A civil lawsuit resolves cases a plaintiff brings against a defendant over a dispute. Civil laws deal with disputes and conflicts between people and organizations, where the plaintiff has suffered some sort of loss at the hands of the defendant. The private relations between members of the community are resolved under the civil law.
Civil Lawsuit Example
One of the biggest recorded examples of civil law cases was Liebeck v McDonald’s in 1995, when 79 year old Stella Liebeck purchased a hot coffee from Mcdonald’s while in the car with her grandson. She opened the lid to mix the creamery when the coffee spilt on her, leaving deep tissue burns that led to surgeries and severe pains.
She filed a civil lawsuit against McDonald’s under the torts of strict liability and negligence. The case became controversial because she was suing the restaurant over their coffee being too hot. The verdict was given that the plaintiff had suffered severe pain, surgeries, loss of income and pleasure and the defendant’s product- coffee- was too hot to drink. This constituted breach of implied warranty that the product was safe to use.
How to File a Civil Suit?
A civil lawsuit is given full attention in the court, especially if the grounds of the lawsuit are genuine and time-bound. Civil cases are different from criminal ones, but the proceeding and suit process is almost the same. Here are five steps that are most common in a civil suit process.
- Pleading: In this first stage, both parties are required to fill in the paperwork and file the case with the right court, and explain their side of the story. The plaintiff files a complaint, and the defendant files an answer.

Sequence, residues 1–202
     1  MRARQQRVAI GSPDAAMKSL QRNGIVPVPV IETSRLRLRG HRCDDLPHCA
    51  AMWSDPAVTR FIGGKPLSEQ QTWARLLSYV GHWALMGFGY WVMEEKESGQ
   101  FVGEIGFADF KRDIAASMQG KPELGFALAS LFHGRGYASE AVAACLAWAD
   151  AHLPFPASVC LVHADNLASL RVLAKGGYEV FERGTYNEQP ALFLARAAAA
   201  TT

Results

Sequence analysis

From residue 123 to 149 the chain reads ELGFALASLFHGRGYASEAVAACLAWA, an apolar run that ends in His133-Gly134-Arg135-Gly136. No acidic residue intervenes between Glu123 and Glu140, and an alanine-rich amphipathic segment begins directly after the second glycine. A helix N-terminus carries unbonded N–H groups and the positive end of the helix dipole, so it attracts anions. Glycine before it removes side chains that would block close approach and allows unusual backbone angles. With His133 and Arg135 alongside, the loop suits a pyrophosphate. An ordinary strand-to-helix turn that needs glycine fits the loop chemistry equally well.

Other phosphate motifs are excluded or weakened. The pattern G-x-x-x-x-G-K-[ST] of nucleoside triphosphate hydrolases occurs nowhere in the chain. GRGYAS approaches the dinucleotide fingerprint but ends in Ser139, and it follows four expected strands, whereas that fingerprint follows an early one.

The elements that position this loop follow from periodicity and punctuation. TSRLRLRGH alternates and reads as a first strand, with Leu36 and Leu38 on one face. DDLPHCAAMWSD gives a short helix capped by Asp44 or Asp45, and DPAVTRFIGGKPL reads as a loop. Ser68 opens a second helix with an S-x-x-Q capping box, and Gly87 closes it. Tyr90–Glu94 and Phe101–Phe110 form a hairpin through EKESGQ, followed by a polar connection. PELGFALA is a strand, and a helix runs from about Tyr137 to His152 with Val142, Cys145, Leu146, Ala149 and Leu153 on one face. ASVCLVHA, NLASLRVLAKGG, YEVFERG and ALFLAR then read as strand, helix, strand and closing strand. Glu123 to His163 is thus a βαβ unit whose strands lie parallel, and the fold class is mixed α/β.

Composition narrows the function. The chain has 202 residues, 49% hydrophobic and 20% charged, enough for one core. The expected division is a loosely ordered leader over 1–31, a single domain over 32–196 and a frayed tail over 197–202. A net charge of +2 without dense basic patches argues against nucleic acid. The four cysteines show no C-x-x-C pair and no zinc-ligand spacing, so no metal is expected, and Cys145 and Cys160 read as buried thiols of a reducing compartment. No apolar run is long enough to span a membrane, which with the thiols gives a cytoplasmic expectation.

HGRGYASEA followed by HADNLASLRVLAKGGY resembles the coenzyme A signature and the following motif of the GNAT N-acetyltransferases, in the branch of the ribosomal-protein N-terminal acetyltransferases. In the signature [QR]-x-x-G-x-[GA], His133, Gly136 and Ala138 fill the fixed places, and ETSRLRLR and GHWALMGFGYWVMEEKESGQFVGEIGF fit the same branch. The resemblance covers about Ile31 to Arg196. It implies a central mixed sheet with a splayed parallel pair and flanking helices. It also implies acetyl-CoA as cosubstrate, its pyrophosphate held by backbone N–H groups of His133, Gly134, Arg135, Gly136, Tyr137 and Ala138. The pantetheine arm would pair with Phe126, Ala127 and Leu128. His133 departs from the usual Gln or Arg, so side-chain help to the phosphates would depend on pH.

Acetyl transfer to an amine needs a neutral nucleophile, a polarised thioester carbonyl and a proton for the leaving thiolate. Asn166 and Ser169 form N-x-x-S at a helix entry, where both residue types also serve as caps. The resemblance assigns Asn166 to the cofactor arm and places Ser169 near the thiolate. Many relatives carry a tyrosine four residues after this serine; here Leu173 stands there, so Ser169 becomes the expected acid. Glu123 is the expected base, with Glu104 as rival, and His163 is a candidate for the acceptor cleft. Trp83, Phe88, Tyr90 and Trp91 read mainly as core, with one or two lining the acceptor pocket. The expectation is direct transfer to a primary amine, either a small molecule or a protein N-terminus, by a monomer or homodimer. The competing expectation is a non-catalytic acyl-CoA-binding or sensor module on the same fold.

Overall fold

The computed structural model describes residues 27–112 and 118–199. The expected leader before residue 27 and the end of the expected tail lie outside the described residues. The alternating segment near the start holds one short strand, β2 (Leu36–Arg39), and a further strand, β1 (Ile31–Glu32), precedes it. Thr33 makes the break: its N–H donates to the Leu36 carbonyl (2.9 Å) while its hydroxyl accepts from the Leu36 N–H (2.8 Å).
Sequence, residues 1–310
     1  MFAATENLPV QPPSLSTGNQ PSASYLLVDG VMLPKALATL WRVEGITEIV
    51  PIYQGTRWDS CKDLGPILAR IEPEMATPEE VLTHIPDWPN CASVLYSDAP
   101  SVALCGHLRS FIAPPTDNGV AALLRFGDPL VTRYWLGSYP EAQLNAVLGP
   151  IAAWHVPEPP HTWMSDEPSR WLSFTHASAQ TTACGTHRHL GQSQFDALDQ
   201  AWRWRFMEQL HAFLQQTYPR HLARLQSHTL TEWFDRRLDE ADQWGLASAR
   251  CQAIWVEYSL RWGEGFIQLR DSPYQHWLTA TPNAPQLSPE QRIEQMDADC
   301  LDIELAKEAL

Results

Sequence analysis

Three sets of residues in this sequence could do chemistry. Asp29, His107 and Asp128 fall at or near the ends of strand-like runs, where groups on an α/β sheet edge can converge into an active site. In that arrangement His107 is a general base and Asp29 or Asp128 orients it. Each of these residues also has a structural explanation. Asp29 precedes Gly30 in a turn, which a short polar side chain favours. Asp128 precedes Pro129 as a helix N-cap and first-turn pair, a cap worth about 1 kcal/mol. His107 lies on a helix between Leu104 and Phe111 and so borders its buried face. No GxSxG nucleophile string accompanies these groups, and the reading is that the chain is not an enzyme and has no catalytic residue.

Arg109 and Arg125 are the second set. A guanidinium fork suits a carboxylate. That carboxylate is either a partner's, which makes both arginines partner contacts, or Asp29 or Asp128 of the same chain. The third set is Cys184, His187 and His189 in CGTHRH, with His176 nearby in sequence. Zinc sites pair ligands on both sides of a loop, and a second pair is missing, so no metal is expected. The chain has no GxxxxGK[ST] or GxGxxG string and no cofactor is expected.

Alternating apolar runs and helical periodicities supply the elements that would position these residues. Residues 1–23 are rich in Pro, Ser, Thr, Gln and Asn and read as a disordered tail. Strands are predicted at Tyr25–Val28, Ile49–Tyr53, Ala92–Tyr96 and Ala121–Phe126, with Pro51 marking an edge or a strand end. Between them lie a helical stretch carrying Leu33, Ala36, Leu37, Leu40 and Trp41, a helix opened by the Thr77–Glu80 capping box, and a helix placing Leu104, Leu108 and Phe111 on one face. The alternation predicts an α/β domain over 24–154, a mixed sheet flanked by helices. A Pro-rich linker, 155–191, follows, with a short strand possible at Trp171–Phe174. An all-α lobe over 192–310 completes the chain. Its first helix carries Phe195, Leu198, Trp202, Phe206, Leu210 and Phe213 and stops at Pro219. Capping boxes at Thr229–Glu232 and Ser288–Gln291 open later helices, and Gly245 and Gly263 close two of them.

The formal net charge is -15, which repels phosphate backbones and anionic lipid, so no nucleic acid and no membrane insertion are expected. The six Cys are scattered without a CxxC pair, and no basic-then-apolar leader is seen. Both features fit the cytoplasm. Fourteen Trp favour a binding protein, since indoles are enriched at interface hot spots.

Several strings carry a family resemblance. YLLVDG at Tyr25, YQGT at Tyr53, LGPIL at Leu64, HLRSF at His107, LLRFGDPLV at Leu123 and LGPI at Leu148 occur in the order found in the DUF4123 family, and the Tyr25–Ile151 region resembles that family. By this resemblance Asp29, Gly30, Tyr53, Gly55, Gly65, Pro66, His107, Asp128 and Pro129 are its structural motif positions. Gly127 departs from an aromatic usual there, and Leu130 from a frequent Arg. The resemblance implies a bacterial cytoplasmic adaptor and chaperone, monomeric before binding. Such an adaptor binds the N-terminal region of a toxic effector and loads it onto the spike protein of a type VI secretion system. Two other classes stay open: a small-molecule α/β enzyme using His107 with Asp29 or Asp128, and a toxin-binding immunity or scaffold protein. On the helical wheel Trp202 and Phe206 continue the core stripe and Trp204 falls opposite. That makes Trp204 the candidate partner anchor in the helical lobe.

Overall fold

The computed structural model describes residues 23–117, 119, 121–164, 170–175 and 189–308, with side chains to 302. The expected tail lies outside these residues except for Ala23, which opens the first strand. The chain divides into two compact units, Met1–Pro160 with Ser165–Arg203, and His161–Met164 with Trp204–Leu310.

- Discovery: This is the litigation stage that is given most time, because the plaintiff and defendant gather evidence and information to strengthen their own cases. This stage starts as soon as the pleading stage ends, and it pretty much continues until trial. Evidence is obtained through interrogations, witness accounts, demand for documents, public accounts etc., and this stage also keeps the parties from hiding information from one another.
- Trial: A civil lawsuit goes to trial if the case hasn’t been resolved yet, and this also marks the end of the discovery process. Both parties submit a brief to the judge where they outline their stances and any evidence they’re wishing to present during trial. The plaintiff speaks their case first and presents evidence, and the defense takes charge later on. When the trial is done, a jury is asked to make the decision. There is also an option for the party to challenge the verdict, or file motion for a new trial.
- Appeal: This is the final stage of a civil lawsuit proceeding where either party can appeal to the court if they’re not satisfied with the decision. The civil lawsuit is then presented to the appellate court where it is reviewed again with all the evidence and if there has been an error, the original verdict can be reversed or order a new trial in the trial court.
How to File a Civil Lawsuit without a Lawyer?
Although it is definitely advisable to hire an attorney to guide you through the process, it is also understandable that not everyone may have access to a reasonable lawyer. Thus, there are ways to file a lawsuit without a lawyer.